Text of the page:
JPMorgan Chase & Co (NYSE:JPM) : Technical Short Put Spread Fade the Dip Trade and Trigger
Date Published: 2022-05-5
DisclaimerThe results here are provided for general informational purposes from the CMLviz Trade Machine Stock Option Backtester as a convenience to the readers. The materials are not a substitute for obtaining professional advice from a qualified person, firm or corporation.
PrefaceWhile some traders like to "Buy the Dip" (BTFD), and we have a model for that event, sometimes it can be prudent to take a less aggressive tack.
In this case we ok for tbut seek a higher win rate strategy than buying a call. Looking to "fade the dip" is a fancy way of saying, we examined a straegy that looks to profit if a stock "doesn't go down very much," after bouncing out of technical failure, as opposed to getting aggressively long by buying the dip.
This strategy looks to win if the stock goes up or even if it just doesn't go down very much. It's profit zone is signifantly larger than just buying a call, but its upside is limited relative to a long call. The result is a higher average win rates for a trade off of smaller average win amounts.
Whether it's buying the dip or fading the dip, this only works if a stock in a down trend actually reverses to a rally or at the very least, doesn't drop back down into techncial failure.
We focused our testing specifically on the trigger that identifies a stock in a down channel and when the selling pressure has eased and the stock may be ready for a bounce or a steady state. In other words, we focused less on a simplistic mantra of "buy the dip," and more on the empirical view of "when the dip might is over."
After rigorous testing over multiple time periods and over 100,000 back-tests, today we demonstrate the technical conditions that have provided a strong short-term 'not bearish' trigger for JPMorgan Chase & Co (NYSE:JPM) , as well as, broadly speaking, the Nasdaq 100 index constituents over the ten year period from 2009-2019.
Find today's option triggers today. Tap here to finally find the trading outcomes you've been looking for.
LogicIt doesn't matter if JPM is in a downtrend right now. What matters is what has happened historically when that time comes, because it will come again.
Fade the Dip Trigger: The Option Trade with Technical Analysis and Moving Averages in JPMorgan Chase & Co (NYSE:JPM) .We will examine the outcome of going short an out-of-the-money putg spead by selling the 40 delta strike and buying the 30 delta delta strike in options that are the closest to 30-days from expiration (using calendar days). But we follow three rules:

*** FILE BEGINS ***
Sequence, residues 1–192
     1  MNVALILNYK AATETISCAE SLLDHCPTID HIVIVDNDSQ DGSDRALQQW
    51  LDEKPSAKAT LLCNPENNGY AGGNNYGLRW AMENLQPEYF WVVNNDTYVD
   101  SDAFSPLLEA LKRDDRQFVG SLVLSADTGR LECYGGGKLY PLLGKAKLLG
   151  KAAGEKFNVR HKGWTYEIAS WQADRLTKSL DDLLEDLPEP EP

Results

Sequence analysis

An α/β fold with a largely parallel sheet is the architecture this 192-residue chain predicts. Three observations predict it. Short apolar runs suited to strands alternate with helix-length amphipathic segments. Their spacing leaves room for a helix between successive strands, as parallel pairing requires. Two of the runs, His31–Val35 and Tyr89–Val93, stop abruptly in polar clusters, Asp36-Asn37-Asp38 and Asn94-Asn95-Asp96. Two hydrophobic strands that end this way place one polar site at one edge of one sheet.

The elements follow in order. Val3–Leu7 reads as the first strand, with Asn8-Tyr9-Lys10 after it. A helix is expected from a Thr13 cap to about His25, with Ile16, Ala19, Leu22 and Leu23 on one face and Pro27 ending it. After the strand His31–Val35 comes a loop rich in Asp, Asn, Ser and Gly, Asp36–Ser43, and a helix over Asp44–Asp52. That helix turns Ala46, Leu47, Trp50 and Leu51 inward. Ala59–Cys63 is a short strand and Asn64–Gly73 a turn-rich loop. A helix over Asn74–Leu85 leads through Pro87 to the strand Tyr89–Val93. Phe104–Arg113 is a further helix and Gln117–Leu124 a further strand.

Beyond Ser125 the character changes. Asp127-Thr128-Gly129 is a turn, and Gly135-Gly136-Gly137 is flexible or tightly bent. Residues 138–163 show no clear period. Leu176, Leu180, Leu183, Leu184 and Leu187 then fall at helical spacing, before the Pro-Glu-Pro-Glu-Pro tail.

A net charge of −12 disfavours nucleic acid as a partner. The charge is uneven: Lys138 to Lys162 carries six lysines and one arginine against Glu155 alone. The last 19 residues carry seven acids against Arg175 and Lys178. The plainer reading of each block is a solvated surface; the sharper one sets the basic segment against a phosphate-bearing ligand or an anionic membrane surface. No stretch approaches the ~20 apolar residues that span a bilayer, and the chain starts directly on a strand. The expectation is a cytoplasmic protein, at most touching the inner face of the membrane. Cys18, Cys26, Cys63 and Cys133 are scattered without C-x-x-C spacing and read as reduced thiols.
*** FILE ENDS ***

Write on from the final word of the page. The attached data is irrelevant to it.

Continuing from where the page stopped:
* Never Trade Earnings
Let's not worry about earnings. Here it is, first, we enter the long call.
Use a technical trigger to start the trade, if and only if these specific items are met.
Trigger is here: [Trade Machine members only]
You can set an alert in Trade Machine®, which will track all of these moving parts for you. Let Trade Machine do the work for you -- there's no need to stare at the screen.
* Finally, we set a very specific type of limit:
* Use a 50% limit and no stop.
At the end of each day, the back-tester checks to see if the 30-day short put spread has seen a 50% gain (it has gone down in value by 50% or more). If it has, it closes the position. As an example, of a put spread was sold at $1.00 and in a week it had dropped to $0.50, it would purchased to close with that 50% win on the initial credit.
Fade the Dip: 5-year Stock Option Backtester Results in JPMorgan Chase & Co
Here are the results of opening a 30-day short put spread, using the 40 delta / 30 delta as the strike prices, over the last five-years once this "fade the dip" trigger has fired:
We're now looking at 83.6% returns, on 5 winning trades and 2 losing trades.
➡ The average percent return over the last year per trade was 16.46%.
RESULTSHere are the results for the 30-day short put spread over the last three-years in JPMorgan Chase & Co:
The mechanics of the TradeMachine® are that it uses end of day prices for every back-test entry and exit (every trigger).
Setting ExpectationsWhile this strategy had an overall return of 93.1%, the trade details keep us in bounds with expectations:
➡ The average percent return per trade was 32.22% for each 30-day period.
Checking the Moving AverageYou can check to see the values of all the moving averages discussed above with real-time daily prices, including live after hours prices, for JPM by viewing the Pivot Points tab on www.CMLviz.com.
Now we can look at just the last year as well:
We're now looking at 27.5% returns, on 1 winning trades and 0 losing trades.
➡ The average percent return over the last year per trade was 27.51%.
Next StepsFind tomorrow's option trades triggers today. For that matter, find today's option triggers today. Tap here to finally find the trading outcomes you've been looking for.
Past performance is not an indication of future results.
Trading futures and options involves the risk of loss. Please consider carefully whether futures or options are appropriate to your financial situation. Only risk capital should be used when trading futures or options. Investors could lose more than their initial investment.
Past results are not necessarily indicative of future results. The risk of loss in trading can be substantial, carefully consider the inherent risks of such an investment in light of your financial condition.
Please note that the executions and other statistics in this article are hypothetical, and do not reflect the impact, if any, of certain market factors such as liquidity and slippage.
You should read the Characteristics and Risks of Standardized Options.